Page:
Sparkling Stupidity

Published on: 17:52PM Dec 15, 2014

Comedian Chris Rock says "there's no rehab for stupidity," which is the perfect comment about glitter pills.

A British company is marketing glitter-filled capsules, but specifically states on their website they are not intended to be consumed orally. Yet, they also note that the glitter is non-toxic. So just what the hell do you do with glitter pills? Some, umm...IQ-challenged folks are ingesting them to make their poop sparkle. The only positive comment we could think of about glitter pills is that they're free-range and GMO-free.

Fighting A Ghost

Just what should concern consumers? Pesticides? GMOs? The Food Babe?

Doug Archer, researcher at the University of Florida's Institute of Food and Agricultural Sciences and a food safety expert, is frustrated by the results of a recent study of Florida consumers.

More than 9 out of 10 respondents are worried about pesticide residues, antibiotics and food additives. Consumers show less concern over bacteria. "All of the common foodborne illnesses -- E. coli, salmonella, listeria -- they're all caused by bacteria," Archer said. The public's misplaced concerns over factors that pose little threat are disheartening. "It's frustrating to have to fight a ghost when we've got the real McCoy right here."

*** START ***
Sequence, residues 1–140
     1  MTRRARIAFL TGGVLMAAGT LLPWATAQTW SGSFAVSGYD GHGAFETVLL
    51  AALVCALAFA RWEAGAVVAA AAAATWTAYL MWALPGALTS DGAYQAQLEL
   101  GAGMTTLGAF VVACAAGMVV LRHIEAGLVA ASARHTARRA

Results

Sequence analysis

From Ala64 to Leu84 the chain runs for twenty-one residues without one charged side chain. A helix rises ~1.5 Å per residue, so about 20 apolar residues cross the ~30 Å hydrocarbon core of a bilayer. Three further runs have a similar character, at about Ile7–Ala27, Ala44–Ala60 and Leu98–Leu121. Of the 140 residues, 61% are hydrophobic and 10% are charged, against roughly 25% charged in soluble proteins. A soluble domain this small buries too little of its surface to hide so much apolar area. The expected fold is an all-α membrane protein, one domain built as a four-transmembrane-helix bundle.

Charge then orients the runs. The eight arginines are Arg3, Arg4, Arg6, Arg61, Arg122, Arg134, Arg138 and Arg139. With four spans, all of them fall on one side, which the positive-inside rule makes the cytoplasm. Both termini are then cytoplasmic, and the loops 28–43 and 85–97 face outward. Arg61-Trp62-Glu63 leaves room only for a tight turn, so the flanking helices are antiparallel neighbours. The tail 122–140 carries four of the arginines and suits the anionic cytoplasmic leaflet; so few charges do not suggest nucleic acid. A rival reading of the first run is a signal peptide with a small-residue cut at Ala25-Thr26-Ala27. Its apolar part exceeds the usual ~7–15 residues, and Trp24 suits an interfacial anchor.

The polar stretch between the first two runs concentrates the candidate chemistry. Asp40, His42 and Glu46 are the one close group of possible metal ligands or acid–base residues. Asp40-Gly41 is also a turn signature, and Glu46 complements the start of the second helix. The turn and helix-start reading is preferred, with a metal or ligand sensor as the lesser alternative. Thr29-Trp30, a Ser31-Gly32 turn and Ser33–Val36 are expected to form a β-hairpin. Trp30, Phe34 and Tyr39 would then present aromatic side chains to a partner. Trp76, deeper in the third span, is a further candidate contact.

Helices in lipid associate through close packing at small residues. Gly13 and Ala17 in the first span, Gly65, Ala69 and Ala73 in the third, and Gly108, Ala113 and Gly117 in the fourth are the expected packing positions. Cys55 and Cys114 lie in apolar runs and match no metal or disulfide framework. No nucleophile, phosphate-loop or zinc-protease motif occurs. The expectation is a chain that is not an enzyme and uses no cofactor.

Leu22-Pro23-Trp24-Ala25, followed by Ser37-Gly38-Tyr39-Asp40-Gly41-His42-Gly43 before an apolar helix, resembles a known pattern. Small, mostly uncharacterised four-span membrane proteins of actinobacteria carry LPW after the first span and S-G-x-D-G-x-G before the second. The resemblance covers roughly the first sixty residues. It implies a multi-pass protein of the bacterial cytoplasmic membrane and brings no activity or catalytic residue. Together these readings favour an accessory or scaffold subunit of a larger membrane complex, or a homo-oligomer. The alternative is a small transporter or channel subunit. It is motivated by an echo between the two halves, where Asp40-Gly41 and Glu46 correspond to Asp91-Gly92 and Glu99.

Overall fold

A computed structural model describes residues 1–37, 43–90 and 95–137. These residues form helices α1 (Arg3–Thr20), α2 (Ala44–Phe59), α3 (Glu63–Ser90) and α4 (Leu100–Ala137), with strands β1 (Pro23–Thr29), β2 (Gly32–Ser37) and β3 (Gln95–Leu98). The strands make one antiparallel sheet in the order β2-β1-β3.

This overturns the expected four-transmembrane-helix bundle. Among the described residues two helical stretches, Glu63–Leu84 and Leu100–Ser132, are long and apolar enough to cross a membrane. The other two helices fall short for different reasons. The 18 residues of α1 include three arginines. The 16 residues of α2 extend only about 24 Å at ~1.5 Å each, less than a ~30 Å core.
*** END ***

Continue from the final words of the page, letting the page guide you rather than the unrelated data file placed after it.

Psssst. Hot Investment Tip!

What's the hot investment tip for 2015? Silicon Valley investors are reportedly funding "ag tech" companies at every level. "We are talking about a multitrillion dollar global market that is ripe for improvement with new technologies at all levels," said Randy Komisar, a partner at the venture capital firm Kleiner, Perkins, Caufield & Byers.

In 2013, U.S. venture capitalists invested $55 million in the "ag tech" sector, and this year, investments have spiked more than 170 percent to about $153 million, according to PitchBook.

Killing Wolves Kills Livestock

Scientific research often provides surprising results. A new study, for instance, finds that killing wolves that prey on sheep and cattle leads to the death of more livestock.

The authors of the study think that killing wolves disrupts wolf packs in a way that leads them to hunt for livestock, which are relatively stationary, rather than the more mobile deer and elk. They say the odds of livestock depredations increased 4%-6% with increased wolf control.